Whether sifting through sand, or scrambling over a rocky shore, it's about finding treasures in every day. 

Trumpeter Swans on Pat's Lake

Currant leaf budding.

Currant leaf budding.

This morning my Sweetheart offered a drive out the road as a treat for the day. That is a really big deal because we pack snacks in a cooler, grab extra boots just in case, and I make sure that there is plenty of space on the memory card in the camera. Its always special, and it is always a gift when he takes me out for a drive. We get to putt slowly along, taking in the changing season, talking about everything or nothing, and I always feel like I am unwrapping a big, shiny package and receiving life treasures.

It takes way longer to cover a few miles than if we just drove over the road. See, he's patient. He's patient like I wish I had a fraction of. He will stop the truck for the forty-third time and wait calmly while I take twenty-seven pictures of a tree branch.

Yes, tree branches thrill me.  Stop and ponder their forms and existence some day. Tree branches might thrill you, too.

We couldn't go right away, though. I needed to put another coat of sealer on some boards before we left. And there was one more board to cut. And there were a few chores that couldn't wait. Time and daylight were moving past me.

I tried for patience, tried not to get fussy. I tried to remember that the light would not be gone, that there would be opportunities to see wonderful things and hear the grouse hooting off in the woods. 

Please tell me where the patience store is so that I can go buy some.  

We finally got going, though, and sure enough, there were delights like pussy willows to enjoy. 

Pussy willows are one of the most delightful signs of spring.

I never will grow up when it comes to pussy willows. Why bother? It is way more fun to marvel at the silky little catkins and soak in the rich rust tones or spring greens of the sheaths that they pop out of.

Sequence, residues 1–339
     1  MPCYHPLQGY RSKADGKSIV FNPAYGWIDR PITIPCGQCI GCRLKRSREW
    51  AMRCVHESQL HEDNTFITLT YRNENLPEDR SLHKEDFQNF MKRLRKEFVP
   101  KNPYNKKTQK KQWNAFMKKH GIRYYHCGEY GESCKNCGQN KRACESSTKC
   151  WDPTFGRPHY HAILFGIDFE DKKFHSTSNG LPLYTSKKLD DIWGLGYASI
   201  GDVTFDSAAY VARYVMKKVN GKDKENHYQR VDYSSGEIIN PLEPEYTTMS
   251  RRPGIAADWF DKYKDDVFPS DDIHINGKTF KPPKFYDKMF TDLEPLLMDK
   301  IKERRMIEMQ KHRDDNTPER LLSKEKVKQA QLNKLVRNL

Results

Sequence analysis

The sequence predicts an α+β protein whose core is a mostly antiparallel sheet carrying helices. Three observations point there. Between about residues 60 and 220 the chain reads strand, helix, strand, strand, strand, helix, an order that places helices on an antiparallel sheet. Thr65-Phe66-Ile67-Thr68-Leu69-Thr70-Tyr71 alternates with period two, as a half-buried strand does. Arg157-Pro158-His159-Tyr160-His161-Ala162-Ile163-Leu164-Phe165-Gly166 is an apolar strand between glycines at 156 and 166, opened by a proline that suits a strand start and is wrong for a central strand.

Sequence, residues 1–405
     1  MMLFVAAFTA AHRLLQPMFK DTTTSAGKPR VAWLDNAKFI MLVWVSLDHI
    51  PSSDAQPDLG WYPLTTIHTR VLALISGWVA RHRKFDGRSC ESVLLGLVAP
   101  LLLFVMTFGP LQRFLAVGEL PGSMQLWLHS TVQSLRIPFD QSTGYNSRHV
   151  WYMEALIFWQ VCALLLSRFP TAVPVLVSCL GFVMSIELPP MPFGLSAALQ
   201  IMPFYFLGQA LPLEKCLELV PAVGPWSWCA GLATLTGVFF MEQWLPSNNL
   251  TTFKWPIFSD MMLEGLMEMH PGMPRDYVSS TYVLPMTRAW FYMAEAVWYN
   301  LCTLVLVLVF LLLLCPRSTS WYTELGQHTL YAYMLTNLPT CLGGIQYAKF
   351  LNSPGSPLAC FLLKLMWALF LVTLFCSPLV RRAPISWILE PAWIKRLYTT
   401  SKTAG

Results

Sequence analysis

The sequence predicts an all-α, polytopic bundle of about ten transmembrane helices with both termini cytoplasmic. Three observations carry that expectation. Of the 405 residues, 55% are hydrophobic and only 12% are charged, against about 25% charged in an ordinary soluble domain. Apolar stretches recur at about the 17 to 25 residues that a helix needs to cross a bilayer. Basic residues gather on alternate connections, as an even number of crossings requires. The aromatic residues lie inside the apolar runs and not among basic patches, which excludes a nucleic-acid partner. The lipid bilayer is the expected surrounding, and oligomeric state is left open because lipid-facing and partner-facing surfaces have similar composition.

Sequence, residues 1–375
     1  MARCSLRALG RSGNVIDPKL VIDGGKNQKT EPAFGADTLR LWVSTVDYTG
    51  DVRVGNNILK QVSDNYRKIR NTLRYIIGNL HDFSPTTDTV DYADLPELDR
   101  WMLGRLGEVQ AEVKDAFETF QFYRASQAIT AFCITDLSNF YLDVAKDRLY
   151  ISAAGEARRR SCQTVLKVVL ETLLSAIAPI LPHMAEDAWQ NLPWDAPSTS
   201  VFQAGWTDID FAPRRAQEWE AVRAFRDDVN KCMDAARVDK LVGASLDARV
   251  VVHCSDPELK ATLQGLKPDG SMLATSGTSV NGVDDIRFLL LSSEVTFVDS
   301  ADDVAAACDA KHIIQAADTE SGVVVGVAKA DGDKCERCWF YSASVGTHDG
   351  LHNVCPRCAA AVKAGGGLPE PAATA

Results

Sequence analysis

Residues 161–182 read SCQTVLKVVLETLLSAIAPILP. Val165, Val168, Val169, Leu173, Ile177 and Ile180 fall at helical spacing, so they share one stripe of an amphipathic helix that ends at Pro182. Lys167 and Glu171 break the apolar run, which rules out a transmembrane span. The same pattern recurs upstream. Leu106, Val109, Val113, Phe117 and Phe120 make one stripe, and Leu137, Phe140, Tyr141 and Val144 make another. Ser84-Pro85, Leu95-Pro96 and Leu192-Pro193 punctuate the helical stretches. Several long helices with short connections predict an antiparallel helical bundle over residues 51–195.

There is still a lot of snow around, so most of the back roads are impassable. Pat's Creek road is open, though. As we passed Pat's Lake we saw white blobs on the far side of the lake. Swan's often stop over here on their migration. I wished that they were close enough to see more clearly.

We drove on up the road, stopping to enjoy signs of spring. On the way back the swans were feeding where we could see them. 

Trumpeter swans (Cygnus buccinator)

The youngsters, or cygnets, are gray. 

Trumpeter swans with a cygnet.

I'll shush now and let you enjoy the graceful swans.  You can click on the photos to enlarge them if you wish.

Trumpeter swans in Pat's Lake, Wrangell, Southeast Alaska

I could tell you all kinds of facts about these beautiful birds that you could look up in dozens of other places. That's not what the day was about, though. It was about appreciating colorful buds and other small things first, so that the swans would know that they could come close and be appreciated. It was about appreciating my One and Only as he patiently held my backpack while I snapped pictures. Watching him I could remind myself to be patient when chores are delaying the outing. I could tell the inner grouch, that stomps through my mind when I am impatient, to step back inside the closet and close the door. Gently. The most delightful treat of all is going to be late in the afternoon, when the sun comes out and the swans cross to the near side of the lake. Presents are best opened at the right time.  

Someday I'll learn.  

Wishing you the grace of swans,

Alaska Beachcomber

More on Southeast Alaska birds:


Or you can see all kinds of animals here: Alaskan Critters